The Sunday Take

The Take: Governors on the Front Lines of Battle With a Struggling Economy

From left, governors Haley Barbour (R-Miss.), Joe Manchin III (D-W.Va.) and Jim Douglas (R-Vt.) listen to Brian Schweitzer (D-Mont.) discuss some of the concerns at the National Governors Association meeting in Biloxi, Miss.
From left, governors Haley Barbour (R-Miss.), Joe Manchin III (D-W.Va.) and Jim Douglas (R-Vt.) listen to Brian Schweitzer (D-Mont.) discuss some of the concerns at the National Governors Association meeting in Biloxi, Miss. (By Rogelio V. Solis -- Associated Press)
By Dan Balz
Sunday, July 19, 2009

BILOXI, Miss. These are grim days for governors. Here's one example: Offered an invitation to spend a weekend on the waters of the Gulf of Mexico at the annual meeting of the National Governors Association, more than half the nation's governors politely declined.

Budget issues have kept some governors at home, including the chairman of the NGA, Pennsylvania's Edward G. Rendell (D). He decided it wasn't wise to leave his state on the first "payless payday" for state workers. "Not a very good move for me to go down to Biloxi," he said by telephone.

The governor of the hardest-hit state, California's Arnold Schwarzenegger (R), is also a no-show because he is struggling with his legislature to close a $26 billion budget deficit. Legislative leaders reported Saturday that after two weeks of hard negotiations, they were moving toward a solution. Meanwhile, the state has been issuing IOUs in lieu of payment.

Others governors who have resolved budget problems for this fiscal year may simply be skittish about leaving home to stay at a resort hotel and casino, even if the purpose is to spend time talking about issues of mutual interest and concern. They may rightly believe constituents would not look kindly on the use of taxpayer funds for a summer getaway.

Others are generally keeping a low profile; for example, South Carolina's Mark Sanford (R) isn't here after recently admitting to an extramarital affair. Neither is Alaska Gov. Sarah Palin, who is contemplating her next moves in the final days of her self-shortened term. Florida Gov. Charlie Crist has already decided he'll try to become a senator and is spending the weekend in New York raising money for his campaign.

But the real reason things are grim is that governors, like their constituents, are grappling with a terrible economy, one that has thrown their budgets into the red. The Nelson A. Rockefeller Institute of Government reported Friday that state tax revenue dropped 12 percent in the first quarter of 2009, the biggest decline since at least 1963. Preliminary data for April and May from 45 states suggest an even sharper plunge is underway in the second quarter, approaching 20 percent over the same period a year ago, according to the institute.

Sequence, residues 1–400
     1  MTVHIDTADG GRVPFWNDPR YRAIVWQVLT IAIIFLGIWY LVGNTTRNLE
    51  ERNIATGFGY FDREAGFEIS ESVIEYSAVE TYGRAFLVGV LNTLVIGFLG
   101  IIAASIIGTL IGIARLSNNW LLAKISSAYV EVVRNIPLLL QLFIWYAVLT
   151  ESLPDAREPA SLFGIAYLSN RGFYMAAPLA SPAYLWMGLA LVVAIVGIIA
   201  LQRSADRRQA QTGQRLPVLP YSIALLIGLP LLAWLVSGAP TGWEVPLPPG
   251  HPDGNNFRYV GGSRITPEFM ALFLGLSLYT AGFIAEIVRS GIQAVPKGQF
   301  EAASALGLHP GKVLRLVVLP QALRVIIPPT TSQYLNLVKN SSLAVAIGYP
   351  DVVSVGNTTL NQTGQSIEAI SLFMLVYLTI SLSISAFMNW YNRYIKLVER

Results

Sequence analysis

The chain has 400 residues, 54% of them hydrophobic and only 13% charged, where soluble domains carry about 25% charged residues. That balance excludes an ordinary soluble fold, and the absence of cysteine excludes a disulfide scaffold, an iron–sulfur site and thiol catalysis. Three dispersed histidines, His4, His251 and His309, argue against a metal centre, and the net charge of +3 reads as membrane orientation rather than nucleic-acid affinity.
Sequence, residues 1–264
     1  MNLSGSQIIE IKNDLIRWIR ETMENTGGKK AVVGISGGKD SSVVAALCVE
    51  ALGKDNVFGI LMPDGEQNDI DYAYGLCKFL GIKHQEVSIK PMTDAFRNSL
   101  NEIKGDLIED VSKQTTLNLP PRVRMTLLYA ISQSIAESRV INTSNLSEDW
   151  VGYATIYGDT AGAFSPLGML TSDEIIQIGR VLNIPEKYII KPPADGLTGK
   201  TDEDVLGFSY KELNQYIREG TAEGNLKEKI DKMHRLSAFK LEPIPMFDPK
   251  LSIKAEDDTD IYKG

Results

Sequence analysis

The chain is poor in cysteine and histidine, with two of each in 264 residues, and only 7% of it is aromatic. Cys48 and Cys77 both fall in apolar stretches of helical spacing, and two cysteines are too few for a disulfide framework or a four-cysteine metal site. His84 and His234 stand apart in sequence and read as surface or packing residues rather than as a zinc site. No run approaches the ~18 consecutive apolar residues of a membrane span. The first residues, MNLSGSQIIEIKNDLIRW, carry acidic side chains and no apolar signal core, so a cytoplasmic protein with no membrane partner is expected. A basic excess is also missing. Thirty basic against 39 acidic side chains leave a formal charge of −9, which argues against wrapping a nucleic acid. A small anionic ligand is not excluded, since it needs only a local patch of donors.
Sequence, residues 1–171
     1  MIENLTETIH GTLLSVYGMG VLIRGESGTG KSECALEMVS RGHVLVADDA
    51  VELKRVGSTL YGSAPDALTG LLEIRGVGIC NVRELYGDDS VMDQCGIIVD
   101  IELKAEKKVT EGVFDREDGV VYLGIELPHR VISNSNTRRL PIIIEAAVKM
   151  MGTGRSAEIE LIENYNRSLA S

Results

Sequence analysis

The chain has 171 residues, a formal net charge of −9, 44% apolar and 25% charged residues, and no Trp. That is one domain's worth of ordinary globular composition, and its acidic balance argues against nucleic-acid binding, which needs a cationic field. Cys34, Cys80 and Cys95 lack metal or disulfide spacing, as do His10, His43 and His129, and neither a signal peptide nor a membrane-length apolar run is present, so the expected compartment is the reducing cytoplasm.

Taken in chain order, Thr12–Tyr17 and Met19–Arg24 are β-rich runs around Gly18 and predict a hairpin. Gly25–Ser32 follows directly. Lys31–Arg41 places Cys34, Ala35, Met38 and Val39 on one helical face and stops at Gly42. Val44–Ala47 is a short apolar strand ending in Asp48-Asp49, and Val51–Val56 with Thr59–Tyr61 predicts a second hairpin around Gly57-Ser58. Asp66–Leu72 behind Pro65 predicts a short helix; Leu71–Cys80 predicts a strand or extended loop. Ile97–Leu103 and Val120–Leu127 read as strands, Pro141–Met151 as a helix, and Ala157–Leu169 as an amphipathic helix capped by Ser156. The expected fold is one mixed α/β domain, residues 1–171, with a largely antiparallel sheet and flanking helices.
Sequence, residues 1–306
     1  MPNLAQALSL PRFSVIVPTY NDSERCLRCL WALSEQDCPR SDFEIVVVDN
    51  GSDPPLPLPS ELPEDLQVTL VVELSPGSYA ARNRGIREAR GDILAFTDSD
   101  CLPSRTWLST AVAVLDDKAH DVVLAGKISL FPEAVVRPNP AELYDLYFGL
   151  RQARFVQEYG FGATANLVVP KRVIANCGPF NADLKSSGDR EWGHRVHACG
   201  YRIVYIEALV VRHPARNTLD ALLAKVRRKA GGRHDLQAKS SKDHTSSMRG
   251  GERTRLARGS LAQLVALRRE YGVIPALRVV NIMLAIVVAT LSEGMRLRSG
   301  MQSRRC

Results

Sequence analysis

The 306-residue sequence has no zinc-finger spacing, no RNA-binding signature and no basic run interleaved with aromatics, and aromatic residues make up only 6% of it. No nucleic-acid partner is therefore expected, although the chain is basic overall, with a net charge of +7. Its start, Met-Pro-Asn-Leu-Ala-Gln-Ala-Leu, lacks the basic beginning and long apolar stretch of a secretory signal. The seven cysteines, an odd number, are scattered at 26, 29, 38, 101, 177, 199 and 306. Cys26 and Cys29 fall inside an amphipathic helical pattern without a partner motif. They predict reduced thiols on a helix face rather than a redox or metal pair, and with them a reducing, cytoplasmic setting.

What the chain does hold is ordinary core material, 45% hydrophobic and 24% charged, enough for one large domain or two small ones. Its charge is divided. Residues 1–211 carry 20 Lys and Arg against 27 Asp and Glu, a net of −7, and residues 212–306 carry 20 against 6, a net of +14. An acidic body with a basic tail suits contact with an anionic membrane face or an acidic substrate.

The federal stimulus package has helped cushion the blow, and there's hardly a governor here who doesn't have good things to say about the money (though as always, some would prefer greater flexibility in how to spend it). "We have been able to dodge a bullet, but we will not go unscathed," West Virginia Gov. Joe Manchin III (D) said Saturday.

But even with the stimulus money, states face collective deficits of more than $200 billion in the next few years. Governors are already talking about the moves they may have to make once the stimulus money disappears after 2011, especially if the economy is not growing at a substantial pace.

"We have to restructure our state governments . . . so we are ready to get along without these resources in a couple of years," said Vermont Gov. Jim Douglas (R), who will take over the NGA chairmanship on Monday.

As they do that, governors may have another looming fiscal burden. The health-care bills moving through Congress include a significant expansion in Medicaid, which is funded by the federal government and the states. An NGA official estimated that the cost of that expansion could be around $60 billion a year.

How might states pay for their share? Maybe not at all, at least for the first few years. One proposal has called for the federal government to pick up permanently the cost for those newly eligible for the program. Another proposal floated earlier was for the federal government to pay the entire bill for five years.

But as congressional committees wrestle with projections that show health care turning into a budget buster, they are looking for ways to strip away costs. Governors have already been warned that 100 percent federal financing is now very unlikely. More troubling proposals have been under discussion.

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